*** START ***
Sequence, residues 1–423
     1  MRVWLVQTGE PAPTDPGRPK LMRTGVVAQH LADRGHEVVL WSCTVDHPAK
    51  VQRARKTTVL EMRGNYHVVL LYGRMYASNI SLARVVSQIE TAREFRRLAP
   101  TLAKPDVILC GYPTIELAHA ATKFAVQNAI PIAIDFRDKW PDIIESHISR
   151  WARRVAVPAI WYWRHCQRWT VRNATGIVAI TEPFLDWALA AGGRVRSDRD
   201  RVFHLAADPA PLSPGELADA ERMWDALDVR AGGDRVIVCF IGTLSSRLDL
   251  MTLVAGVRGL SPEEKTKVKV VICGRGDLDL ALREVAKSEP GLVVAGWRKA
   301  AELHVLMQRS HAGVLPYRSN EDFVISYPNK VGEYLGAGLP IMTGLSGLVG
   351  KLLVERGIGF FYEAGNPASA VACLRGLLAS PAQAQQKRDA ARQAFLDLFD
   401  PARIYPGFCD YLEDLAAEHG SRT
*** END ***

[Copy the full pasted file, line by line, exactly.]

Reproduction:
Sequence, residues 1–423
     1  MRVWLVQTGE PAPTDPGRPK LMRTGVVAQH LADRGHEVVL WSCTVDHPAK
    51  VQRARKTTVL EMRGNYHVVL LYGRMYASNI SLARVVSQIE TAREFRRLAP
   101  TLAKPDVILC GYPTIELAHA ATKFAVQNAI PIAIDFRDKW PDIIESHISR
   151  WARRVAVPAI WYWRHCQRWT VRNATGIVAI TEPFLDWALA AGGRVRSDRD
   201  RVFHLAADPA PLSPGELADA ERMWDALDVR AGGDRVIVCF IGTLSSRLDL
   251  MTLVAGVRGL SPEEKTKVKV VICGRGDLDL ALREVAKSEP GLVVAGWRKA
   301  AELHVLMQRS HAGVLPYRSN EDFVISYPNK VGEYLGAGLP IMTGLSGLVG
   351  KLLVERGIGF FYEAGNPASA VACLRGLLAS PAQAQQKRDA ARQAFLDLFD
   401  PARIYPGFCD YLEDLAAEHG SRT